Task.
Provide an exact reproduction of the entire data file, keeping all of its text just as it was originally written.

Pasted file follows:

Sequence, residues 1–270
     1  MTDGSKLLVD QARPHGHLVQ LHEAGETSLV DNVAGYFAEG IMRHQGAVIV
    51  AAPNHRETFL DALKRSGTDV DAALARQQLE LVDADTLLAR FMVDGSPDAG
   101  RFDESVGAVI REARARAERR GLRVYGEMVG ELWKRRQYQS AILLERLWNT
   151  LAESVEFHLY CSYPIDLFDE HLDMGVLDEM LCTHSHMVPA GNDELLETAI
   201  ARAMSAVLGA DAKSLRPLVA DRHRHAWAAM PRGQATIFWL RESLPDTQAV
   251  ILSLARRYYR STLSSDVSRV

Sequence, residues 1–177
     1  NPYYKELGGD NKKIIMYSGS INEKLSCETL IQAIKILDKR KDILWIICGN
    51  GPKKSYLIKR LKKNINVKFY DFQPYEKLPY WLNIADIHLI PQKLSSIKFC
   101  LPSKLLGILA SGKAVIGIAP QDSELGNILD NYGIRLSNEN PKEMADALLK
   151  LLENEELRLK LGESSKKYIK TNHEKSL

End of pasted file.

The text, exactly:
Sequence, residues 1–270
     1  MTDGSKLLVD QARPHGHLVQ LHEAGETSLV DNVAGYFAEG IMRHQGAVIV
    51  AAPNHRETFL DALKRSGTDV DAALARQQLE LVDADTLLAR FMVDGSPDAG
   101  RFDESVGAVI REARARAERR GLRVYGEMVG ELWKRRQYQS AILLERLWNT
   151  LAESVEFHLY CSYPIDLFDE HLDMGVLDEM LCTHSHMVPA GNDELLETAI
   201  ARAMSAVLGA DAKSLRPLVA DRHRHAWAAM PRGQATIFWL RESLPDTQAV
   251  ILSLARRYYR STLSSDVSRV

Sequence, residues 1–177
     1  NPYYKELGGD NKKIIMYSGS INEKLSCETL IQAIKILDKR KDILWIICGN
    51  GPKKSYLIKR LKKNINVKFY DFQPYEKLPY WLNIADIHLI PQKLSSIKFC
   101  LPSKLLGILA SGKAVIGIAP QDSELGNILD NYGIRLSNEN PKEMADALLK
   151  LLENEELRLK LGESSKKYIK TNHEKSL